Mom Knows Frat Boys Can Look in Her 12-Year-Olds Window—But When She Sees What They Did, She Starts Bawling

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With all the confusion and chaos in the world one thing we can all agree on, this world doesn’t have enough Lexi Brown’s.

The 12-year-old lost her battle with cancer a few months ago but who she was and her story is still impacting people all over the world. Stories that can’t be forgotten.

One night she was resting in her hospital room next to the Sigma Alpha Epsilon House at UCLA, she had no idea the kind of friendship that would come from it.

NBC News reported that Lexi and her mom Lisa hung up a sign in her hospital room window requesting pizza.

What they didn’t know is that the boys of the SAE fraternity spotted the sign and decided to do something incredible for her.

“Five guys come in, and they had a guitar and dozen roses and a box of pizza,” Lisa says. “They introduced themselves and said, ‘We saw your sign; we’re here.’ They stayed for a half an hour, they sang this song and I started bawling my head off. I’m like, ‘I can’t believe these people are here for my child.’”


“You know, one of our creeds is being a true gentleman, and that’s following through and making sure that we can do everything we can,” said SAE fraternity member Christian Wehrly.

Another member, Chase Gasper, found out that Lexi loved soccer. Because he just so happens to be on the UCLA Men’s Soccer Team, he came up with a brilliant idea:

“I texted my teammates and they all stepped up to the plate to visit her,” he told “Everyone who got to know her was really moved. It was an incredible experience and we really want her to get through this.”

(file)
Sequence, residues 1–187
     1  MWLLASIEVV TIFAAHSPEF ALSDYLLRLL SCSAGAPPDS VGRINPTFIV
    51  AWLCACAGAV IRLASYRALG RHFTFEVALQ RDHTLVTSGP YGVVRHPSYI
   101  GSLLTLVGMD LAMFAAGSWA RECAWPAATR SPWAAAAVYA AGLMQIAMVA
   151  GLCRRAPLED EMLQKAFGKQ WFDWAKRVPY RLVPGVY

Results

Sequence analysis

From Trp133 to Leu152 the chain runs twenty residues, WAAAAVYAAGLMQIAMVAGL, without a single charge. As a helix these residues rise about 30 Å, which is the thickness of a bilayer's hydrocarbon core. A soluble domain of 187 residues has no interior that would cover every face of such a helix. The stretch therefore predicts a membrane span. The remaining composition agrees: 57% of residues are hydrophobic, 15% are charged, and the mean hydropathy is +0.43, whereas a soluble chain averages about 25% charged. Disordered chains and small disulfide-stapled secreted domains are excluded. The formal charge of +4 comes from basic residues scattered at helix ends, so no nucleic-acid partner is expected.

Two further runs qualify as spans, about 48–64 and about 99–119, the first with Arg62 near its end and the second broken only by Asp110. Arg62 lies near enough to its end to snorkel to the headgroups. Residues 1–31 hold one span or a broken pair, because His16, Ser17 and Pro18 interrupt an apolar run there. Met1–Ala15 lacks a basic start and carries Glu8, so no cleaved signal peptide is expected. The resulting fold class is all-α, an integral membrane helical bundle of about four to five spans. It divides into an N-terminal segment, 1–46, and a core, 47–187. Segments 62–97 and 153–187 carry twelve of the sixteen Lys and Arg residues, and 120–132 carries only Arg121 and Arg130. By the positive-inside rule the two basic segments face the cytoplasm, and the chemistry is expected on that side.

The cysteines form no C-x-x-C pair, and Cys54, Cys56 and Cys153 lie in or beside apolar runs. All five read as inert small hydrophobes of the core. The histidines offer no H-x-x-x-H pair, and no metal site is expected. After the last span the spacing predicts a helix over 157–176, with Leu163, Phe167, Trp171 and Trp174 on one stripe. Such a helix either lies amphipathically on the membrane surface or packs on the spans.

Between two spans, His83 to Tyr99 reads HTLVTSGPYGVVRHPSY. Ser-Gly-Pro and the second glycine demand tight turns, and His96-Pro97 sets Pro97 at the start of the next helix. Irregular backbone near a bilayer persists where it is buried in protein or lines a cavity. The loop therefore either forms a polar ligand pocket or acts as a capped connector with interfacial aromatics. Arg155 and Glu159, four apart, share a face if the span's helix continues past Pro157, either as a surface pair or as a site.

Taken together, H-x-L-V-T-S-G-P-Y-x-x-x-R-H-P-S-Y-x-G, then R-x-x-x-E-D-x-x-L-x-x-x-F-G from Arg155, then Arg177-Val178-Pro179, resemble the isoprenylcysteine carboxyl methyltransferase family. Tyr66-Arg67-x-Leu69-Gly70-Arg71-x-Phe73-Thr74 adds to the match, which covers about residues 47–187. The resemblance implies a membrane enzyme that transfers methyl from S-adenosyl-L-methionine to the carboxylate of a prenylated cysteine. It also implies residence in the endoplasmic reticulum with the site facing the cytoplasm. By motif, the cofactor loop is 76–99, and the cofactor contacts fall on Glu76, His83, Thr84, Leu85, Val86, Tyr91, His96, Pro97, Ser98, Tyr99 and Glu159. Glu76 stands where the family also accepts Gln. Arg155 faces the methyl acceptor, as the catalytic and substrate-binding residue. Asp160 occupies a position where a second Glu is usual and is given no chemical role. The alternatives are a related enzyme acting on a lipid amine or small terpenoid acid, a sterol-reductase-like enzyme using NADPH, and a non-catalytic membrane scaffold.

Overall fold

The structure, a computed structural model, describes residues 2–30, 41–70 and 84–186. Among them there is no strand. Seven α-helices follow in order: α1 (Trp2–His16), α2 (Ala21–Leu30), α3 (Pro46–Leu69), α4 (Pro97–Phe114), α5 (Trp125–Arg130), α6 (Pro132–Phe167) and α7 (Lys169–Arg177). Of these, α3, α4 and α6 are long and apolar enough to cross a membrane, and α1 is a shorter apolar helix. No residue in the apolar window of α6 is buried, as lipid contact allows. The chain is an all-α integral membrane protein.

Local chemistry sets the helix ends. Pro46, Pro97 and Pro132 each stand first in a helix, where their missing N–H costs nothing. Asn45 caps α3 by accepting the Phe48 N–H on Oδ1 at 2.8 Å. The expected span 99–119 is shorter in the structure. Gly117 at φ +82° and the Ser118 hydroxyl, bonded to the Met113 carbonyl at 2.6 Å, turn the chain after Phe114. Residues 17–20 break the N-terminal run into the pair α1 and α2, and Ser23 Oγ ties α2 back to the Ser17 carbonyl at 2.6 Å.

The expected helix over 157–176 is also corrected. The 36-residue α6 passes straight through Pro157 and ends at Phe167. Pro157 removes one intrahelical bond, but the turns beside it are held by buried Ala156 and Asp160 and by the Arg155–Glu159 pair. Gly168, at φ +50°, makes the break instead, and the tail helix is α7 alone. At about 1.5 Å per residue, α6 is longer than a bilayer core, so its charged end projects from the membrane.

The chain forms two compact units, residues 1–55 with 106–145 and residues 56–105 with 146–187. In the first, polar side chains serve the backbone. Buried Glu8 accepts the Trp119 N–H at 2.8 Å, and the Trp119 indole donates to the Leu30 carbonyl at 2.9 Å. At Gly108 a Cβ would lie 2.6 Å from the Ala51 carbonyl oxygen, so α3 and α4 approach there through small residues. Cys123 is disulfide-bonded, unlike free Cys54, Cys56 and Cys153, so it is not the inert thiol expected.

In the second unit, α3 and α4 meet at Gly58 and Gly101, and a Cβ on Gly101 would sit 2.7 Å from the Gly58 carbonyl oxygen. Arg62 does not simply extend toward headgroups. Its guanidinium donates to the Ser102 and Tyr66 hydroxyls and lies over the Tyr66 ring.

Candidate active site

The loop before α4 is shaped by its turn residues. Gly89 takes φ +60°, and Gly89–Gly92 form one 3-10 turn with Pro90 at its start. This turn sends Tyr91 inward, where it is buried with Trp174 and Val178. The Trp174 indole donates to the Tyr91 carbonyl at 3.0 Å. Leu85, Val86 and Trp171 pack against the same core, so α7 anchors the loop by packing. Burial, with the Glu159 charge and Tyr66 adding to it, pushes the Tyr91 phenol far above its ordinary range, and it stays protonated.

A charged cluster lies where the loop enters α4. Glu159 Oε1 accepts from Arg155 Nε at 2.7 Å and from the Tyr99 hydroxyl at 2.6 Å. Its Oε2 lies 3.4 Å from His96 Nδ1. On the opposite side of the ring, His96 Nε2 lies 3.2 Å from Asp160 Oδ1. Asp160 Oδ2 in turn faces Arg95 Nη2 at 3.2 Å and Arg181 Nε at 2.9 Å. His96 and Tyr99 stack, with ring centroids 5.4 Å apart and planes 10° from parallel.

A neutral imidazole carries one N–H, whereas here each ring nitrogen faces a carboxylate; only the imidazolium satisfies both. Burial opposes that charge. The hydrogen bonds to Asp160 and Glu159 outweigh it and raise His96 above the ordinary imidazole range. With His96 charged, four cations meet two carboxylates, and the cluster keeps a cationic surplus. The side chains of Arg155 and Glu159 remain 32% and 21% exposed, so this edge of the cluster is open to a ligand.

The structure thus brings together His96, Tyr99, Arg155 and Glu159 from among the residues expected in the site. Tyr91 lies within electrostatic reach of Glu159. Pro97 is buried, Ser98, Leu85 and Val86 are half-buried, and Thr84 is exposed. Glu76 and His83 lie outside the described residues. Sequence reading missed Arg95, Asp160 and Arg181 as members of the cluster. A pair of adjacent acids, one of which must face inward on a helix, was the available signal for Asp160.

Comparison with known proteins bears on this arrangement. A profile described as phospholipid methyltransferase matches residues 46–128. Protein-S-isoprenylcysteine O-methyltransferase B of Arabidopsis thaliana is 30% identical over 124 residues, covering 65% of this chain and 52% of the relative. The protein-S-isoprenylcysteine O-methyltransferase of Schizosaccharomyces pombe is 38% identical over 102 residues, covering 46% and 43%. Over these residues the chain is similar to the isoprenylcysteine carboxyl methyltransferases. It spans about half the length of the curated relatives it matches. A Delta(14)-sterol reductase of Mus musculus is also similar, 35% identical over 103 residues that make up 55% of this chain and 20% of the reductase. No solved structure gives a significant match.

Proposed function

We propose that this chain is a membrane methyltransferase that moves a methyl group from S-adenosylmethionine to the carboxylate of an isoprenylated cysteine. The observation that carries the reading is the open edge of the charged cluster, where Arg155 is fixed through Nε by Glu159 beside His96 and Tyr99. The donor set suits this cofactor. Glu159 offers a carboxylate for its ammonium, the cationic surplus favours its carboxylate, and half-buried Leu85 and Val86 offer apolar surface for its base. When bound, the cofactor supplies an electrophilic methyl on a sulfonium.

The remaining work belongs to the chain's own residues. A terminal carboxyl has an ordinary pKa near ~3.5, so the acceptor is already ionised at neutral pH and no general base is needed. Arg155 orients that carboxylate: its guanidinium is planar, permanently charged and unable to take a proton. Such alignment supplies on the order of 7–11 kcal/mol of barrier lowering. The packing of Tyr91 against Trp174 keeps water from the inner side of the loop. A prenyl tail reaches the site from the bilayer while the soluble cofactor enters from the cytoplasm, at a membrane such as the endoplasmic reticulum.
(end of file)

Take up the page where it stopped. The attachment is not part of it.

And that wasn’t all. The team also brought jerseys, hats, scarves and t-shirts for Lexi, AND they even surprised her with tickets to their game.

“When we played our game, we kind of played with an extra edge,” said Gasper. “We really wanted to win for her, and we did.”

The gentleman of SAE started a tidal wave of kindness from other sports teams and organizations at UCLA. Members of the swimming, rowing and tennis teams came in to visit, as well as the Christian Campus Ministry.

But it was the boys of SAE who will always have a special place in Lexi’s heart.

Their special bond is evident as you listen to them serenade the young girl at her bedside.

Before she passed the boys made a tribute for her to see outside her window:



The boys spelled her name in lights on their frat house to show her that she is their light.

“They had me turn around and look at the lights, and I saw my name on the roof,” she told CBS LA. “I thought it was really cool. I didn’t think that that would ever happen.”

They kept Lexi’s sign up through the holidays to keep her spirits up—but she’s not the only one who’s been rewarded through the friendship. The SAE boys have been exceedingly blessed to meet her too, and it’s helped to put their lives in perspective. “I have had a very blessed life, nothing comes close to what she’s gone through. She’s such a strong girl,” said Gasper.

Even in the final months of her life Lexi was living to serve others. She started a campaign called “Bald for Lexi” that raised over $90,000 for kids fighting cancer. Of course, her response to her selfless kindness was humility, “Everyone has done so much for me and my family that I thought it was important to do something to give back,” she told PEOPLE last month. “I feel better knowing that I’m doing something that can help other kids and their families.”

The 12-year-old fighter was often seen wearing purple along with a shirt that read “Fight Like a Girl”. Her humor, her smile, her love is a legacy she leaves behind that still gives others hope to this day, especially her dad.

“Lexi never gave up the fight and never lost the fight,” her dad said. “She fought until her tired body could not fight any more, and now we will continue to fight for her. We want everyone to know, Lexi knew how much you loved her.”


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Lairs is the chief of sinners, saved by grace, with a life that just goes to show you God can use anyone.